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Patients With Cancer Prefer Telemedicine to In-Person Visits; Satisfaction Is the Same


Patients receiving care at Memorial Sloan Kettering preferred telemedicine visits over in-office visits with similar satisfaction scores.

Although a slightly higher percentage of patients with cancer prefer telemedicine to in-person visits, satisfaction scores were equally high for both, according to a study from Memorial Sloan Kettering (MSK) Cancer Center researchers. The findings were published in JNCCN—Journal of the National Comprehensive Cancer Network.

The researchers assessed satisfaction and preference from 1,077 survey responses from radiation oncology patients. The patients received care at MSK’s main campus and six regional locations in New York and New Jersey. They were evaluating office and telemedicine visits that took place between December 2019 and June 2020.

A total of 726 of the patients were seen in office for prepandemic visit and 351 patients had telemedicine visits during the pandemic. The median age of patients with telemedicine visits was 65 years (66 years for office visits).

Satisfaction was largely the same. For level of concern by the physician, 92% of patients with a telemedicine visit compared with 93% of patients in office selected the top score. Similarly, 94% chose the top score for telemedicine and 94% for in office when evaluating the friendliness of their physician.

When rating the quality of their physician’s explanations, there was a slight advantage to telemedicine with 91% of those patients selecting the top score compared with 84% of patients who had an in-office visit.

“These findings provide some evidence that there is a role for telemedicine beyond the COVID-19 pandemic and that it can be a particularly useful tool for certain patients—especially those who may have challenges coming on-site for an appointment,” co-lead author Narek Shaverdian, MD, MSK Department of Radiation Oncology, said in a statement. “Giving patients flexibility and options by being able to see them both in-person and through telemedicine can improve access to care.”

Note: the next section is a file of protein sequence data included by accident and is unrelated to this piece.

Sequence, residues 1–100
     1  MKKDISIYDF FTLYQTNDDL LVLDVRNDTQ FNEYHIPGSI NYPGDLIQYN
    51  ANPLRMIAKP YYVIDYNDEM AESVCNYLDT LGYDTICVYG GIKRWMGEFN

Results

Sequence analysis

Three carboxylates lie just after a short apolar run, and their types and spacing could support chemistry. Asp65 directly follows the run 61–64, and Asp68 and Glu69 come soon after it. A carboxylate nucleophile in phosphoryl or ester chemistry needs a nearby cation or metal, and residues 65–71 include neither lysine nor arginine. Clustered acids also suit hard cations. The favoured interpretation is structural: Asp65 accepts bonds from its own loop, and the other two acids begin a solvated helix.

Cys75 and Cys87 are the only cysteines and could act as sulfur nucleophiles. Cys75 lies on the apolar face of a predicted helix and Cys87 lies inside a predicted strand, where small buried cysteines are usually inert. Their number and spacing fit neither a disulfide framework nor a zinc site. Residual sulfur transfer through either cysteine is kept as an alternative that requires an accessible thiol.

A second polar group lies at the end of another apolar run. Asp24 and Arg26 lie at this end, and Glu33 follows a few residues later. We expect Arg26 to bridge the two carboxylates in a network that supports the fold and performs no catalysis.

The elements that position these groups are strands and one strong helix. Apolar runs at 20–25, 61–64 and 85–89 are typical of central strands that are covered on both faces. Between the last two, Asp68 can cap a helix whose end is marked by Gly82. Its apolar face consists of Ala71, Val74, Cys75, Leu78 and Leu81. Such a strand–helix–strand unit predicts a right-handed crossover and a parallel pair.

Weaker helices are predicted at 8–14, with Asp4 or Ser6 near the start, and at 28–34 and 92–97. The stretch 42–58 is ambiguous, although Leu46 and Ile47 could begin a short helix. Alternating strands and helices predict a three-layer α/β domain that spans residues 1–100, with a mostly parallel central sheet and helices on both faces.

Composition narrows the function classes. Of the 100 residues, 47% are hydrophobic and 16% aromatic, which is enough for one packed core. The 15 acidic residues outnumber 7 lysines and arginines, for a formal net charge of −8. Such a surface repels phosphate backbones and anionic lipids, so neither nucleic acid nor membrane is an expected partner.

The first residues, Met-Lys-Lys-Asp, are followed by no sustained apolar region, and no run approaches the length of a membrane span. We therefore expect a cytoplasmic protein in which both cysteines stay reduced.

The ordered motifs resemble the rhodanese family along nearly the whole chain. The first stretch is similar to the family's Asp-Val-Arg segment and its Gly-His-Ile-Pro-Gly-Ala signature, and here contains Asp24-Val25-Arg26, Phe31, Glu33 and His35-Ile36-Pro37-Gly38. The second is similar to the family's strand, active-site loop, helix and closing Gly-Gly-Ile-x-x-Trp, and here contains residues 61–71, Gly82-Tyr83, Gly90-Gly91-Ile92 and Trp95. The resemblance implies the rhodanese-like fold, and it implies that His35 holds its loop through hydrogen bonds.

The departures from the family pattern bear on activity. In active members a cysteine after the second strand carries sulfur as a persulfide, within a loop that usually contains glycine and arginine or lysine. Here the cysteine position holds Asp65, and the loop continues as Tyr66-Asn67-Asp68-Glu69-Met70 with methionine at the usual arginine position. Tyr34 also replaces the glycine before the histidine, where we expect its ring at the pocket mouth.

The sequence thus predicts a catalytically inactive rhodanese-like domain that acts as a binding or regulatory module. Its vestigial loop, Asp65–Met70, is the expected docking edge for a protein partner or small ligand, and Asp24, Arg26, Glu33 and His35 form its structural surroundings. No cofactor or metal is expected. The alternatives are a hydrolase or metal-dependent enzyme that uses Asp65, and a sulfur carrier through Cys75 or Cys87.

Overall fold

According to the survey results, 45% of patients preferred telemedicine, 34% preferred in-office visits, and 21% had no preference for their visit type. Patients who were married or had a partner and who had better performance status were more likely to prefer in-person office visits.

Patients who had a telemedicine visit that included video conferencing were more satisfied. In comparison, patients who had a telephone-only appointment were more likely to say they would benefit from an in-person visit. Shaverdian noted that voice-only encounters with new patients are particularly challenging and telemedicine is really a benefit for patients who have and can use video capabilities.

“Digital tools like telemedicine have the unfortunate potential consequence of paradoxically increasing disparities in access to care,” said co-lead author Erin F. Gillespie, MD, MSK Department of Radiation Oncology. “But the counter to that is there will be some disadvantaged patients that would not have accessed the system at all, either due to technologic barriers or travel time, and now can connect at least by phone, which is an important and positive change.”

While one-third (34%) of patients who completed the telemedicine survey agreed with the statement that “cancer care will be negatively impacted” by the COVID-19 pandemic, only 8% were concerned their own cancer would not be treated successfully because of the pandemic.

Delays in diagnosis and treatment of cancer have been well documented and are expected to cause tens to hundreds of thousands of excess cancer deaths. In 2020, screening and treatments for breast, colon, prostate, and lung cancers saw a particularly harsh decline, according to a study from Avalere Health and the Community Oncology Alliance.

“Telemedicine maintained patient confidence in the physician and treatment, but efforts to increase access to audiovisual technologies must be prioritized to improve patient– physician communication,” the authors concluded. “These data should help inform efforts to maintain access to telemedicine for patients with cancer beyond the pandemic, while highlighting the importance of equitable access to audiovisual technologies to support the most vulnerable patients.”

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